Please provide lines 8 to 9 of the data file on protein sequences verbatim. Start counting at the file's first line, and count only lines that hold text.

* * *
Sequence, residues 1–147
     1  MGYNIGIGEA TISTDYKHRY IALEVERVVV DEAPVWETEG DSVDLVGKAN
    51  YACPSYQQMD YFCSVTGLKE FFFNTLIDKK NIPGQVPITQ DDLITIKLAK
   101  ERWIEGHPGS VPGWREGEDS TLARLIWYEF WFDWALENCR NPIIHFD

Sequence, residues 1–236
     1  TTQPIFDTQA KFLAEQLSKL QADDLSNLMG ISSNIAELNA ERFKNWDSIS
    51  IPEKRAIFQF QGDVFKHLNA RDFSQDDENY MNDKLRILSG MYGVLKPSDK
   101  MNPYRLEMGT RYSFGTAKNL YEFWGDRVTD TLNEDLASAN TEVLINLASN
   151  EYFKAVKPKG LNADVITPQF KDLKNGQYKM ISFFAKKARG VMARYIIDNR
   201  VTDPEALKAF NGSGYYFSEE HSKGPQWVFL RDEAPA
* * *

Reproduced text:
   101  MNPYRLEMGT RYSFGTAKNL YEFWGDRVTD TLNEDLASAN TEVLINLASN
   151  EYFKAVKPKG LNADVITPQF KDLKNGQYKM ISFFAKKARG VMARYIIDNR